USGS Groundwater Information
Detection of Microbial Indicators and Human Microbial Pathogens in Artificial Recharge Studies
By Dale W. Griffin, Ph.D., MSPH
One of the needs in studying artificial recharge is determining microbial water quality within the recharge zone. Indicator organisms such as the fecal coliforms and alternate indicators such as enterococci, Clostridium perfringens and bacteriophage can be used to determine if a recharge zone is being impacted by viable microorganisms of fecal origin via the recharge water source or surrounding contaminated ground waters. Using emerging technologies, some indicator organisms such as Escherichia coli (a fecal coliform), enterococci and certain types of bacteriophage (viruses whose hosts are bacteria) can be used to determine the source of the pollution when questions arise concerning human versus animal inputs. Examples of emerging technologies that have allowed this type of resolution include ribotyping (DNA fingerprinting of bacteria isolates) and genetic probe assays (group typing of F+ specific RNA coliphage). The alternate to determining source via these types of assays are to screen water samples for host specific pathogens (human or animal). One group of host specific pathogens are the human enteroviruses (a group which includes polioviruses, echoviruses and Coxsackie viruses) and Hepatitis A viruses. These viruses have successfully been utilized by a number of researchers to determine if human waste was impacting a given body of water. Assays that are utilized to determine the presence of these pathogens include cell culture and many variants of the polymerase chain reaction (PCR).
Another useful tool in determining the susceptibility of a recharge zone to contamination or in determining the potential impact of recharge water on surrounding ground waters is tracer studies. Tracer studies can be carried out with gases, dyes and/or microorganisms. A number of tracer studies, which utilized bacteriophage to determine wastewater/groundwater movement, have been successfully carried out in the State of Florida. A common trend that was noted in these studies was that the phage tracers typically moved faster than dye tracers that were or had been utilized in the same regions for similar purposes. One of the conclusions from these studies was that phage tracers better reflect actual microbial groundwater movement.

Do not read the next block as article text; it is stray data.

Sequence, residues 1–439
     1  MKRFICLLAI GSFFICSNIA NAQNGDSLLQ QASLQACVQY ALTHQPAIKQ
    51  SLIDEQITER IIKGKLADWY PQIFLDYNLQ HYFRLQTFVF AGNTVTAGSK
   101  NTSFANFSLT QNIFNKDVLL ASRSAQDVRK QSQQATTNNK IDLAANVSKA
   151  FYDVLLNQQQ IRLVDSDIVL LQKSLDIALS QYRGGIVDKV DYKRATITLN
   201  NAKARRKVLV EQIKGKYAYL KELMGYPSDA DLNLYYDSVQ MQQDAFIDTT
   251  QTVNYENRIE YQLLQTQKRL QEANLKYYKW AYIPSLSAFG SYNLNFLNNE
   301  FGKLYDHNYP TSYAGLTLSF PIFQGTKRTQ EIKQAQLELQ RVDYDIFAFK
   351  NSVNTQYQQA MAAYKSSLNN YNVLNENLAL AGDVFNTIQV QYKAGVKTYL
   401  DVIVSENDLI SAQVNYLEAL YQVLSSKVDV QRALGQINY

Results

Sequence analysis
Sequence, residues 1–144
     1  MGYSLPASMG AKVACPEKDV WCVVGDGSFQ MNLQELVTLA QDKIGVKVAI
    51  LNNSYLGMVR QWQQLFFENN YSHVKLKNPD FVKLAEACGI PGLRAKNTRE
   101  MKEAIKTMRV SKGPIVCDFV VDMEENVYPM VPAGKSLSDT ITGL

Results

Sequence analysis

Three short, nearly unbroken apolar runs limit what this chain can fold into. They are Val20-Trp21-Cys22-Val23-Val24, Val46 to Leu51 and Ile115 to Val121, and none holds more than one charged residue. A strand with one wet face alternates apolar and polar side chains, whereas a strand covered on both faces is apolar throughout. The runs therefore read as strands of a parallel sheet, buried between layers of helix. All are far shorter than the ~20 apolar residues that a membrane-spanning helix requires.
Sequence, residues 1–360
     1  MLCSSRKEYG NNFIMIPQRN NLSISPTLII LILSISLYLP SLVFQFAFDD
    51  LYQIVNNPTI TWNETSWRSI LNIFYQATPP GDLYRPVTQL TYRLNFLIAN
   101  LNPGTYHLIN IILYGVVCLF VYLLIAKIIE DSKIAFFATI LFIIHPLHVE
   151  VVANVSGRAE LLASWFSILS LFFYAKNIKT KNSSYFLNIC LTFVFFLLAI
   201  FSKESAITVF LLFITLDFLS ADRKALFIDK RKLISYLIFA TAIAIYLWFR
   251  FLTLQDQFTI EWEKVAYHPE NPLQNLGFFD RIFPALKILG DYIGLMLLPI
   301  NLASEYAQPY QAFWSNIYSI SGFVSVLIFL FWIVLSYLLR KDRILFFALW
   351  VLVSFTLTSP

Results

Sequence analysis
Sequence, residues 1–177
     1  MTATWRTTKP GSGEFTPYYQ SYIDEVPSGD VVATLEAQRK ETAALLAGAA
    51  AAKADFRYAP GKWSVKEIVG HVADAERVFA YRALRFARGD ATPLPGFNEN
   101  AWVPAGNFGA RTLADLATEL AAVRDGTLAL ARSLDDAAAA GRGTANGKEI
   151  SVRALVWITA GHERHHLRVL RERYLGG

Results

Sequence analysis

This presentation will cover the microorganisms of interest and the methodology used to determine microbe presence and viability in groundwater studies. Issues such as source tracking, selection of the appropriate organism or suite of organisms and the pros and cons of various methodologies will be addressed. Below are several papers where many of these issues are addressed.
Griffin, D., C.J. Gibson III, E.K. Lipp, K. Riley, J.H. Paul, and J.B. Rose (1999). Detection of Viral Pathogens by Reverse Transcriptase PCR and of Microbial Indicators by Standard Methods in the Canals of the Florida Keys. Applied and Environmental Microbiology 65(9): 4118-4125.
Griffin, D.W., E.K. Lipp, M. McLaughlin and J.B. Rose (2001). Marine Recreation and Public Health Microbiology: Quest for the Ideal Indicator. BioScience 51(10): 817-825
Harvey, R.W. (1997). Microorganisms as tracers in groundwater injection and recovery experiments: A review. FEMS Microbiology Reviews 20(3-4): 461-472
Paul, J.H., J.B. Rose, S.C. Jiang, X. Zhou, P. Cochran, C. Kellogg, J.B. Kang, D. Griffin, S. Farrah and J. Lukasik. (1997). Evidence for Groundwater and Surface Marine Water Contamination by Waste Disposal Wells in the Florida Keys. Water Research 31(6) :1448-1454
Yates, M.V. and Yates S.R. (1988). Modeling Microbial Fate in the Subsurface Environment. CRC Critical Reviews in Environmental Control. 17(4): 307-344
In George R. Aiken and Eve L. Kuniansky, editors, 2002, U.S. Geological Survey Artificial Recharge Workshop Proceedings, Sacramento, California, April 2-4, 2002: USGS Open-File Report 02-89
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